Cats may seem pretty chilled, but a new baby can be a major disruption for them. Get your furry friend ready for the new addition – and not being the centre of attention.
Cats don’t have owners, they have staff, or so the saying goes. If your mog feels your home is her domain, and she’s going to be sharing it with a baby pretty soon, it’s best to prepare her well in advance.
Curb her curiosity
Curiosity wouldn’t have killed the cat if it were just a passing fancy – cats are persistent when it comes to things they want to explore. So, introduce yours to your baby’s new nursery – if you’re using one – so she can have a look and a sniff around.
‘Once she’s had a look around, put the nursery room strictly out of bounds,’ says Beth Skillings, Cats Protection’s clinical veterinary officer. ‘This is particularly important if your cat has previously had free rein in the house.’
Also introduce her to any baby items you buy, such as nursery furniture or prams. ‘Let her investigate but don’t let her climb on them, and then keep them shut away,’ says Beth. ‘It is important to ensure the items are off limits because some will be very tempting places for your cat to sleep!’
The DIY way to cat proof a nursery
It may not look pretty, but you could try ripping up bits of cardboard, put double-sided sticky tape on them and put them at the entrance of the nursery. That should deter your cat from going in – and this can also work on furniture too.
Another tactic is to spray citronella on the baby spaces you’d rather she kept away from, as cats really don’t like the smell and afterwards will associate it with something unpleasant.
Remember, for the first six months your baby will be sleeping in your bedroom, so it’s worth deterring your cat from going in there as soon as you know you’re pregnant.
New sounds and smells
Cats have a very sensitive sense of smell, so a sudden influx of mini clothes, toys, buggies and your baby, could really distress her. If the arrival of your baby and her paraphernalia is too sudden, your cat may even start peeing on things associated with the baby. This isn’t aggressive behaviour. She’s just nervous and is trying to reassure herself by marking these new things as her own.
You can avoid it by introducing the baby’s scents early and gradually, and when you buy something new, give your cat a treat or play her favourite game so the new items have a positive association for her.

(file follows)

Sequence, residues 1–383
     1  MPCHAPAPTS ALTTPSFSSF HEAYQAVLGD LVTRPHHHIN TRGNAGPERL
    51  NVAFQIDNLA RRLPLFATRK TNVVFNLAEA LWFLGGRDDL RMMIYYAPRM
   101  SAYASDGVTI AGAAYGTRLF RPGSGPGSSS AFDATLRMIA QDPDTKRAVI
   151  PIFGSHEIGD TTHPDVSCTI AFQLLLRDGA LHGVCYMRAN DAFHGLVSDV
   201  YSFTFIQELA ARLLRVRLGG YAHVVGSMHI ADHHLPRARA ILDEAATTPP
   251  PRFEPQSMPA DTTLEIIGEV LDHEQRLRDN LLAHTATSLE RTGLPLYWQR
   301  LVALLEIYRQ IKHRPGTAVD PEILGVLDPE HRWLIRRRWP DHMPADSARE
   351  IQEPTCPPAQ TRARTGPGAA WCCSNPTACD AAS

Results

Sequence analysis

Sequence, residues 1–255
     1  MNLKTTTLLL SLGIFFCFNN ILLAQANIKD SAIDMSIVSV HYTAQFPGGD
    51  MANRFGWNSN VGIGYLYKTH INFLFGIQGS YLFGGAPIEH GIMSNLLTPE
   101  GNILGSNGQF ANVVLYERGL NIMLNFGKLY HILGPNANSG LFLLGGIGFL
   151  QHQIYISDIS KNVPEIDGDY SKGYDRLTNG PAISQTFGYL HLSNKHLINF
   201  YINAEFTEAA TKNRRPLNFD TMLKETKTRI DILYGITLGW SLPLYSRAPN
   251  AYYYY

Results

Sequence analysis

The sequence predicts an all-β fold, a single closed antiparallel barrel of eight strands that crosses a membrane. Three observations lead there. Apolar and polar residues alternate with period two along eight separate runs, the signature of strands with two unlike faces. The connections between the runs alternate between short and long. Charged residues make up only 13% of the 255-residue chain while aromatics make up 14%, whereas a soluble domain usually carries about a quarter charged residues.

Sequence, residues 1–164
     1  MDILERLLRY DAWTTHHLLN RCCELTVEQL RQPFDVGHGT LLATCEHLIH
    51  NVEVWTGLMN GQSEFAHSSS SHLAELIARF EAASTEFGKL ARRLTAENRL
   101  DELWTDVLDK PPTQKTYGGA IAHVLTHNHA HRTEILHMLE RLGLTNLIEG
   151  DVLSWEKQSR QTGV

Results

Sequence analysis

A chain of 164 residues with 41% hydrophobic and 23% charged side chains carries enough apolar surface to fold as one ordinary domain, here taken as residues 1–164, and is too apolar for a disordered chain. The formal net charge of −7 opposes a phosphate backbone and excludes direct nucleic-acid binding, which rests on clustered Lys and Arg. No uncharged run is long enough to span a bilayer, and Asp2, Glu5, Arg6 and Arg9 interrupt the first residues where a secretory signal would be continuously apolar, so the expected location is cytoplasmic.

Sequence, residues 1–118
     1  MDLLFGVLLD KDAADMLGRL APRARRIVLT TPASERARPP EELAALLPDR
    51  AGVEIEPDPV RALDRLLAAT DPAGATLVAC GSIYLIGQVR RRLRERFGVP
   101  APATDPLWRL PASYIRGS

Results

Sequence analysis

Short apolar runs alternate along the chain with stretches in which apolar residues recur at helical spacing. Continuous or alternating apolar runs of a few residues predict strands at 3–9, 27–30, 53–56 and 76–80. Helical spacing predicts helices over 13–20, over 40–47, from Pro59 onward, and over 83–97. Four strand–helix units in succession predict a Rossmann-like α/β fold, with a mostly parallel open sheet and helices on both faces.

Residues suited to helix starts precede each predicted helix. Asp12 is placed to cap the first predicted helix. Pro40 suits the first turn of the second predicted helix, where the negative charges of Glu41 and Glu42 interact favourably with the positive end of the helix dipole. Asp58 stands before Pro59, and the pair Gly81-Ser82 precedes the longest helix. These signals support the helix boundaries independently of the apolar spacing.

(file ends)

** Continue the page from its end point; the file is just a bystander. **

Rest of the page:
New sounds, like a baby crying or screeching, can also be very distressing – especially since cats have much more sensitive hearing than we do and may never have heard the sound before.Get your cat used to the sounds of a baby in pregnancy. Record a friend or relative’s baby or buy a CD that you can play on a very low volume to begin with and gradually increase the noise over time.
So, while your cat may not be too thrilled when your baby cries (who is, really?), at least she’ll recognise it.
Maintaining the schedule
If you’re the main caregiver to your cat, it’s best to pass your duties on to your partner if you can. ‘Gradually reduce the amount of “lap time” your cat gets – your attention will obviously be elsewhere once your baby arrives,’ says Beth.
It may make you feel a little sad to move away from your relationship with your cat, but the alternative is pulling away your attention all at once when the baby comes, which could confuse her.
Make sure you, or whoever takes over, maintains your cat’s schedule as best they can, to minimise the upheaval to her life. Beth advises, ‘If you need to move your cat’s feeding or toileting place, do it gradually.’
Keeping the routine will be good for both you and your cat. Beth says, ‘Try and set aside a part of the day to make a fuss of yourcat. It’ll reassure her, as well as give you a chance to grab a quiet moment and relax.’
Somewhere to hide
While lots of parents worry about a cat being aggressive towards a new arrival, her instinctive reaction to stress is to hide – preferably somewhere high up with a good view, so she can look down and assess the situation.
You might want to put a few cat beds or cardboard boxes on top of furniture, maybe with some tasty treats or a favourite blanket. That way, she’ll have a sanctuary while she works out who this little stranger is.
These retreats are even more important when your baby is a toddler. A tot’s squeals can be quite frightening to a cat, and having somewhere high up for her to get away from a two-year-old’s advances is essential.
Remember, a cat’s natural reaction when something is frightening or strange is to run away, so never try to stop her fleeing. She might feel trapped and lash out.
‘If your cat is not neutered, get this done asap,’ says Beth. Unneutered females cats can be almost constantly in heat, and you can do without a queue of tomcats at the door.
'Unneutered male cats tend to urine-mark their territory – and you can certainly do without the smell and health risks that brings! ‘And, get the vet to check her over to make sure she’s in good health for the arrival of your baby.’